Stock Status – Concern – Based on the 2008 South Atlantic Fisheries Management Council (SAFMC) stock assessment, the South Atlantic king mackerel stock is not overfished. It is uncertain whether overfishing is occurring; however, if it is, it is occurring at a low level.
Average Commercial Landings and Value 2001– 2010 – 897,134 lbs./$1,523,397
2010 Commercial Landings and Value – 328,806 lbs./$643,681 (quota managed)
Average Recreational Landings 2001– 2010 – 1,128,964 lbs., 2010 – 349,905 lbs.
Average Number of Award Citations (30 lbs. or 45– inches) 2001– 2010 – 260, 2010 – 122
Status of Fisheries Management Plan (FMP) – In North Carolina, king mackerel are currently included in the Interjurisdictional FMP, which defers to the SAFMC compliance requirements and is currently managed under Amendment 15 to the SAFMC Coastal Pelagic FMP. Management measures include commercial and recreational quotas, minimum size limits, commercial trip limits (3,500 lbs./trip), recreational bag limits, gear restrictions and commercial permit moratorium. Charterboat/headboat operators must possess a charter/headboat vessel permit for coastal migratory pelagics and must comply with recreational bag limits.
Research and Data Needs – Bycatch mortality estimates in the directed shrimp fishery. Fishery independent methods of monitoring stock size. Estimates of Atlantic and Gulf stock mixing rates in south Florida.
Current Regulations – 24 inches fork length (FL), 3 fish/day for recreational anglers
Harvest Season – Open year round, based on a fishing year spanning April 1 to March 31 – Commercial and recreational fisheries can close when the total allowable catch is reached.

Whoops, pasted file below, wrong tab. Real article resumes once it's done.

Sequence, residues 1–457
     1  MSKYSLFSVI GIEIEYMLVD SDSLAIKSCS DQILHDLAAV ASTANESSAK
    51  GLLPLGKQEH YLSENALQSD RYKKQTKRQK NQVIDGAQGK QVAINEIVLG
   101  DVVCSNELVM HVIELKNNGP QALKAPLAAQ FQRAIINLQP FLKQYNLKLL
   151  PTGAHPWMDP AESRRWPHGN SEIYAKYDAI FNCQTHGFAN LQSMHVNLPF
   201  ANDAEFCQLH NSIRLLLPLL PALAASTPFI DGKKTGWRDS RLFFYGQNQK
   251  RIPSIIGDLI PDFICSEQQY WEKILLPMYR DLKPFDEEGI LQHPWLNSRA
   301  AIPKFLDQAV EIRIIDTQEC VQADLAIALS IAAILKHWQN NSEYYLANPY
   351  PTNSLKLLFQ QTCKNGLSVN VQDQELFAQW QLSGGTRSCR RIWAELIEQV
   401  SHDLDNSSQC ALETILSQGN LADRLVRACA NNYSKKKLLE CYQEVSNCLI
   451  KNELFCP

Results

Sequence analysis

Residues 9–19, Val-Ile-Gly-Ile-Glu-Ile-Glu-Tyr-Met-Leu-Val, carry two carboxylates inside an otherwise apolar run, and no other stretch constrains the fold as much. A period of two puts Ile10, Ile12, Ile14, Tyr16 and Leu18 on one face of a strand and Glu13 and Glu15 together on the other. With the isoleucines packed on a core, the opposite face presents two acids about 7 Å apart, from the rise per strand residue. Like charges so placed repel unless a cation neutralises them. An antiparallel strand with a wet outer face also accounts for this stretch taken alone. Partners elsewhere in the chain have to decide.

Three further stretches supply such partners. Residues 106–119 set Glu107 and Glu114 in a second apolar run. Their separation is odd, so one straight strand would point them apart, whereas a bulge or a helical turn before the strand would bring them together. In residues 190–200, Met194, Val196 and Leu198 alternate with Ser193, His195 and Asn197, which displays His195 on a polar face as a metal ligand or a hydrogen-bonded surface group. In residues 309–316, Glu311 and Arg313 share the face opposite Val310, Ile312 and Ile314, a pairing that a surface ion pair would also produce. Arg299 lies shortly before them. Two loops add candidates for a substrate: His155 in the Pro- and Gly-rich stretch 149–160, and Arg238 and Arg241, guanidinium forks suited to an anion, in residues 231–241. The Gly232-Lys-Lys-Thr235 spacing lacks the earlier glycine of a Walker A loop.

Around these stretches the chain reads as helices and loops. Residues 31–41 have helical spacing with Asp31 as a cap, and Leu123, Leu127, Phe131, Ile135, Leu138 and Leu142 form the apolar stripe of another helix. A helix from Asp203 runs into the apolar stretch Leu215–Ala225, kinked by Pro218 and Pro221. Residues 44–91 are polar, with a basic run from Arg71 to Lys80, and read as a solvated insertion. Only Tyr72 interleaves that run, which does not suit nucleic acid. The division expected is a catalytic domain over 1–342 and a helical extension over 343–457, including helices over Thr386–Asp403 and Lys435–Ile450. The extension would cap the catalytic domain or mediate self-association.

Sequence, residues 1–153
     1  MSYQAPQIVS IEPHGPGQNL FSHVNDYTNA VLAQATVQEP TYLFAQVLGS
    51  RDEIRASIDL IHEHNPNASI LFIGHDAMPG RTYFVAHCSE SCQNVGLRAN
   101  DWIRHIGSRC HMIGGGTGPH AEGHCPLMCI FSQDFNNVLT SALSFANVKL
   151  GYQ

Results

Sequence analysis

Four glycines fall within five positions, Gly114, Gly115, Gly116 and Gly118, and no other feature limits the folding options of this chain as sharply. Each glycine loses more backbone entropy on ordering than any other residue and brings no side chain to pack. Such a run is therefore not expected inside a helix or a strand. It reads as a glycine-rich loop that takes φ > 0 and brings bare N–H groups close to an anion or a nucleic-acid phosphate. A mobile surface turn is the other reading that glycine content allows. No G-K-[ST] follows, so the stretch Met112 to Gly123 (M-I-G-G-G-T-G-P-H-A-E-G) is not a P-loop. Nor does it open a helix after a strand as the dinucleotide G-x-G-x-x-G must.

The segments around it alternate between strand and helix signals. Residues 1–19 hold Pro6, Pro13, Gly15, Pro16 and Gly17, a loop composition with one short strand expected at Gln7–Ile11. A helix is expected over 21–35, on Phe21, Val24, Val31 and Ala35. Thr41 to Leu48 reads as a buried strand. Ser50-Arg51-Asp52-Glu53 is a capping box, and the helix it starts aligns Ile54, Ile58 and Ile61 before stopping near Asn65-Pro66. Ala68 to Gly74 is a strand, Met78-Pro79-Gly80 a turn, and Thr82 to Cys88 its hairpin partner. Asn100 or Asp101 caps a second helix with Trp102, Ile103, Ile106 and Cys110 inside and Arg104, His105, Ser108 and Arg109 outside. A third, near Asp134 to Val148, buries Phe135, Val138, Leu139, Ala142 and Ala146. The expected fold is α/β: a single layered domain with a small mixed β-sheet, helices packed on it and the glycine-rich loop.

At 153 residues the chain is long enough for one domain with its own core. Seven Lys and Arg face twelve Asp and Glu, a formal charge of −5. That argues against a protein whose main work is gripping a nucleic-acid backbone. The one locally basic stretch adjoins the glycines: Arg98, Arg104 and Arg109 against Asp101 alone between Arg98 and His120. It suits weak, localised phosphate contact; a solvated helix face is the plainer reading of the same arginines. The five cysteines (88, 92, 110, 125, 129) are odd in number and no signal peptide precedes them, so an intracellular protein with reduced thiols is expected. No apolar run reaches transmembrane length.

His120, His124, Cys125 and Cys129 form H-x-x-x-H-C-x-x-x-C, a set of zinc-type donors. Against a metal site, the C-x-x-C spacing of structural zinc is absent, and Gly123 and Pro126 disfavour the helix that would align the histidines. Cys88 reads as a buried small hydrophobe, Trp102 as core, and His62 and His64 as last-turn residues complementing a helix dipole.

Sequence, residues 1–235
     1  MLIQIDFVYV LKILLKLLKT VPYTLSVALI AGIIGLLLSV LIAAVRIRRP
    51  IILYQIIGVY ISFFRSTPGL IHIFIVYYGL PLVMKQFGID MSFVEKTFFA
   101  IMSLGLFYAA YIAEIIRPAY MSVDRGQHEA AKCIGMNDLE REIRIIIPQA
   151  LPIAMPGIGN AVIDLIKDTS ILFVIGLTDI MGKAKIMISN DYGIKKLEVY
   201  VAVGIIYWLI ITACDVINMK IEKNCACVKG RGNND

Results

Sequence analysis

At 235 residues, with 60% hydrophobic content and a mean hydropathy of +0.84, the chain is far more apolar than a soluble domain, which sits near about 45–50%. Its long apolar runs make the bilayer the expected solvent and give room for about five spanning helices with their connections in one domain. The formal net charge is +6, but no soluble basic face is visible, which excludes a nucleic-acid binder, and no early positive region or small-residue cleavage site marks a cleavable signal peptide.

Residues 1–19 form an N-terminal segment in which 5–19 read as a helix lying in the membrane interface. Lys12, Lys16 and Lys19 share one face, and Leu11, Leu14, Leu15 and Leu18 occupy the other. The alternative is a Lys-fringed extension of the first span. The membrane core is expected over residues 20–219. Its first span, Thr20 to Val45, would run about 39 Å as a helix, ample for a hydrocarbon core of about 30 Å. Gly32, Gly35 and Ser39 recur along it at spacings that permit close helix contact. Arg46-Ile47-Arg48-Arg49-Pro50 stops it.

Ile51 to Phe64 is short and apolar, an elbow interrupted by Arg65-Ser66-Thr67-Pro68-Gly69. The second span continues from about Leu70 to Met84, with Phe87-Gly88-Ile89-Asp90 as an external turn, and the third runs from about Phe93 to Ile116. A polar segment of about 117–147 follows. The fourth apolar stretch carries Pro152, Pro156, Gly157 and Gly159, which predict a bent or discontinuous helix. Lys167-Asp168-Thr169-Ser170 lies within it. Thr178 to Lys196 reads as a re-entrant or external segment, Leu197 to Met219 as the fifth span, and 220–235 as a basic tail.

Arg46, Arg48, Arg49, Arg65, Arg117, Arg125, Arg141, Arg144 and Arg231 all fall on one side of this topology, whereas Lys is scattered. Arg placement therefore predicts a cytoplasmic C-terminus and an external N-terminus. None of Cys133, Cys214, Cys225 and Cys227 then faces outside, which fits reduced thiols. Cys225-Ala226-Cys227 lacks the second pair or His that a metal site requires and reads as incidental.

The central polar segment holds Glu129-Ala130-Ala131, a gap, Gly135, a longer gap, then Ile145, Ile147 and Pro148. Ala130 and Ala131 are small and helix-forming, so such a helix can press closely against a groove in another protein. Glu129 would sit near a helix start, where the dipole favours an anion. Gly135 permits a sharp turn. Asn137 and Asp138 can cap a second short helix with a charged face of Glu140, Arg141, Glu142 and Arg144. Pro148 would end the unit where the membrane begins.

Size and Age at Maturity – 28 inches FL, 2– 3 years
Historical and Current Maximum Age – 26 years/23 years
Juvenile Abundance Index– Not available
Habits and Habitats – King mackerel are considered coastal pelagic, meaning they live in the open waters near the coast. They make inshore and offshore migrations triggered by water temperature and prey availability. In the winter and early spring, king mackerel congregate just inside the Gulf Stream along the edge of the Continental Shelf. During the summer and fall, they move inshore along the beaches and near the mouths of inlets and coastal rivers. They prefer water temperatures between 68º and 78º F.
^Citation release length requirement reduced from 50 inches to 45 inches in 2008
For more information, contact Randy Gregory at Randy.Gregory@ncdenr.gov or 1-800-682-2632 or (252) 726–7021.
|N.C. Division of Marine Fisheries • 3441 Arendell Street • Morehead City, NC 28557 • (252) 726-7021 or 1-800-682-2632 |